Good God 4/7/23

Thoughts with Richard Bleil

The argument was bizarre. He insisted that I must be Christian because I am moral. I do not consider myself to be Christian (although I was raised as a Methodist, I have since distanced myself from the church), but the argument was intriguing. When I told him that I am not Christian, he said that I must be because morals come from the Bible. It is, he said, impossible to be moral if you are not Christian.

This was brought to mind because an article just crossed my path asking this very question. I didn’t read it, I must admit, but the title suggested that the article was about the necessity of God for “goodness”. I find it an odd concept, frankly.

I guess that, in order to discuss the role of God in morality and goodness, we need to touch on what it means to be good and moral. I know I’ve touched on this in other blog posts, but there is a difference between morals and ethics. Ethics are socially agreed upon codes of conduct. They’re not laws, but just things that we generally agree upon. If I accidentally bumped into somebody with my shopping cart, there are no laws that say that I have to apologize, and yet, most people would agree that the polite thing to do would be just that. You check to see if the person is okay and apologize for the accident. If you don’t, you won’t go to jail because you didn’t break any laws, but it’s generally accepted to be the right thing to do.

Morals, on the other hand, are personal codes of conduct. When I take my groceries out to my car, I always return to cart at least to the cart corral and coordinate with the size carts that are already there. Usually I use the small cart, so I won’t put it with the full-size carts to make it easier for the employees. Lately, I even take it a step further and sort out the carts if somebody has already mixed the sizes. There are no laws that say that I need to do this, and there really are no socially agreed upon standards that hold me ethically to do so. It’s just who I am and how I like to be. That makes it a moral instead of an ethic.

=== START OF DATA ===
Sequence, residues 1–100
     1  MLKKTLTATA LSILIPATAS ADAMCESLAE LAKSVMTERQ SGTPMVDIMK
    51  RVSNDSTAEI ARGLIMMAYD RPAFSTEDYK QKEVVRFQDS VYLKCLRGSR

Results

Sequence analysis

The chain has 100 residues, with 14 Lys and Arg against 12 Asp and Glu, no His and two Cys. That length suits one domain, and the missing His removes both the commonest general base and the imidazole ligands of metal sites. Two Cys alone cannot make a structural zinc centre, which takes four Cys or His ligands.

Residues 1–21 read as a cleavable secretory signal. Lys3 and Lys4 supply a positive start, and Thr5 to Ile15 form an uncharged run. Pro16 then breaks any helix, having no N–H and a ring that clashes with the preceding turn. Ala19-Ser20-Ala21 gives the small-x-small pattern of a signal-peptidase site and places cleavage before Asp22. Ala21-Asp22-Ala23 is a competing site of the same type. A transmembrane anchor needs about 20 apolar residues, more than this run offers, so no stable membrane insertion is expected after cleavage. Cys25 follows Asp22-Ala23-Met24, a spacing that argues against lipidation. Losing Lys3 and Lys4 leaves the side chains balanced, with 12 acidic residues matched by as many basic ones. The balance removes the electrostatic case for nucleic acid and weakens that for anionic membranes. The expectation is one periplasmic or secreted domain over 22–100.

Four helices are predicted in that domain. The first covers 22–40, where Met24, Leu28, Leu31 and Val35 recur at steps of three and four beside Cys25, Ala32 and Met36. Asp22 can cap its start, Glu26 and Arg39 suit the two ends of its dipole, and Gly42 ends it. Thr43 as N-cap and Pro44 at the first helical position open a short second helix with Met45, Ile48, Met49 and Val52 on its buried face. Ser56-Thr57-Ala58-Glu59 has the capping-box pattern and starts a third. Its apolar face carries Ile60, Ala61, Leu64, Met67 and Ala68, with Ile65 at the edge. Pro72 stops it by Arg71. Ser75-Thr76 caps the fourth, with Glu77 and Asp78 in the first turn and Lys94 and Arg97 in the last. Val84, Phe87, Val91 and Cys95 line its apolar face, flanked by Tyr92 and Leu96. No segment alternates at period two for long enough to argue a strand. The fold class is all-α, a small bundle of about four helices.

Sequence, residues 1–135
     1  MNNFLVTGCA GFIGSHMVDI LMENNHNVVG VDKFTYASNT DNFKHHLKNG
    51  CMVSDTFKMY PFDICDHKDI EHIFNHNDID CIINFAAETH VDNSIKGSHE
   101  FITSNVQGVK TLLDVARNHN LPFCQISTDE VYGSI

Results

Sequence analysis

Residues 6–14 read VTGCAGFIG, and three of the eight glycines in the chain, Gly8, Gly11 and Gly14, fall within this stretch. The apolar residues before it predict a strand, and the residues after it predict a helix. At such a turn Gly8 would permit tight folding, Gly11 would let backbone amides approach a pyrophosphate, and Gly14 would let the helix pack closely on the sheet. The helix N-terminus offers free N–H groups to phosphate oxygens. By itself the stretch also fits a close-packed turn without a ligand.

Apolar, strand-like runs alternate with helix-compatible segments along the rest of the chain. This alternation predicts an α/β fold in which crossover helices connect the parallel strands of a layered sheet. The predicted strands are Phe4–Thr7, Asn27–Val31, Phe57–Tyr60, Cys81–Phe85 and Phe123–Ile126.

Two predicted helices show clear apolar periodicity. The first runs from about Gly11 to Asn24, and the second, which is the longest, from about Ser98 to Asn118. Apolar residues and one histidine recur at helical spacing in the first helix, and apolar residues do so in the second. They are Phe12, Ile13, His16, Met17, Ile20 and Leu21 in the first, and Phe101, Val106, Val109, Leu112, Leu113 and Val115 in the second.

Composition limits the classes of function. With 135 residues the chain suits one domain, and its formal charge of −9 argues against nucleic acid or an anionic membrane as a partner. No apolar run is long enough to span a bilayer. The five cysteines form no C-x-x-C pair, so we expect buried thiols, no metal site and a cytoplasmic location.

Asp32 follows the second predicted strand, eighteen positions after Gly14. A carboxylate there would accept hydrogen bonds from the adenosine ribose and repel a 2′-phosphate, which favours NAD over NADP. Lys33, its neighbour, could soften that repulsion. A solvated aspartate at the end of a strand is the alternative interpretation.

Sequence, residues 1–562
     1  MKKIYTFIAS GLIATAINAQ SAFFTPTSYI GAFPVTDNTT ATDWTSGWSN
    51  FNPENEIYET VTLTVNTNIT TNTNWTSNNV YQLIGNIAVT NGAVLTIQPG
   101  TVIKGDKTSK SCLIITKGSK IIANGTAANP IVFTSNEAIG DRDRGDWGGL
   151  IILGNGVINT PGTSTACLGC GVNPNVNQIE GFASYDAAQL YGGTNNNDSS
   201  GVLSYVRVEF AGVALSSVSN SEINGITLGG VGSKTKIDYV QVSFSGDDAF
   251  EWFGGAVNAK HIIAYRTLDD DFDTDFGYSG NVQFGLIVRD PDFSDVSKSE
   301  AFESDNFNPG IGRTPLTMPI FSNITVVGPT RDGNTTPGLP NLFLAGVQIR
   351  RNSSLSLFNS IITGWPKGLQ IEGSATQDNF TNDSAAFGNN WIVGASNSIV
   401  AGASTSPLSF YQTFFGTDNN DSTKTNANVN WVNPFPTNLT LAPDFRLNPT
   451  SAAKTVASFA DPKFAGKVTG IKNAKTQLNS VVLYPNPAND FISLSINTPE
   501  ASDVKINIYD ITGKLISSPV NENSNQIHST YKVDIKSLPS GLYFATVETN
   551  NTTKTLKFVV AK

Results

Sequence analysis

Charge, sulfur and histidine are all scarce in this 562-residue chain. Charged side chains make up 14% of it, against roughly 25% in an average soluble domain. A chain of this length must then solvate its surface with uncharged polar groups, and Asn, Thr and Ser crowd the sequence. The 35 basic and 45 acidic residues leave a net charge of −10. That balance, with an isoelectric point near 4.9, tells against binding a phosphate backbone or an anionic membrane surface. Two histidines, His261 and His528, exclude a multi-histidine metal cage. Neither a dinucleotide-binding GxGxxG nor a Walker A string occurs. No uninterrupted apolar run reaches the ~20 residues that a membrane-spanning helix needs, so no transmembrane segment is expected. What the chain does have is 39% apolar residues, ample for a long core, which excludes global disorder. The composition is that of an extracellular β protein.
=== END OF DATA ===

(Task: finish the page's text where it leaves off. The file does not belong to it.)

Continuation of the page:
But if I do not align with a church, is God involved? You might say that I was raised with these morals in a “Christian” household, and my so-called “Christian” household included racism, anger and emotional abuse. We rarely went to church, and when we did it felt more like a chore than a pleasure.

This might irritate some of my readers, but even the ten commandments seem insignificant for ways to live. What I mean by that is that the first four, for example, are about being faithful to God. Don’t pray to false Gods, no graven images, the sabbath kind of stuff. A few of them are common sense kind of stuff, like don’t kill, don’t steal and no adultery. The only real moral commandments are honor your mother and father, don’t covet and don’t lie. These are all pretty surface-level things, if not covered by law but also common sense. When I was married, I didn’t need the Bible to tell me not have affairs. The fact that I didn’t want to cause emotional pain to my wife and family was all I needed to know to keep me faithful.

The seven deadly sins are maybe a little more meaningful, those being the sins of pride, envy, gluttony, greed, lust, sloth and wrath. I know people who are very well practiced at these. Pride is very common, especially in today’s society, while envy, lust and greed are all used as marketing tools by large companies and manufacturers. And if you want to be able to afford those things that you envy, lust after and have greed for, you’d better not be slothenly. And if you want to see wrath, just look at the way that people drive.

As a society, we revel in the seven deadly sins, and the commandments are treated like mild suggestions, and what of these sins and commandments said that I should have tipped the drivers of the airport shuttle buses as I did? For me, to be a good person is to see others. I know the struggles of a single mother to make ends meet even if it’s not something that I’ve personally experienced, so yes, I tip and donate to charity and help where I can. Not because God told me to do so, not because it’s in the Bible, and not even because of the way that I was raised. I do these things because they are the right things to do. And for me, that’s enough.


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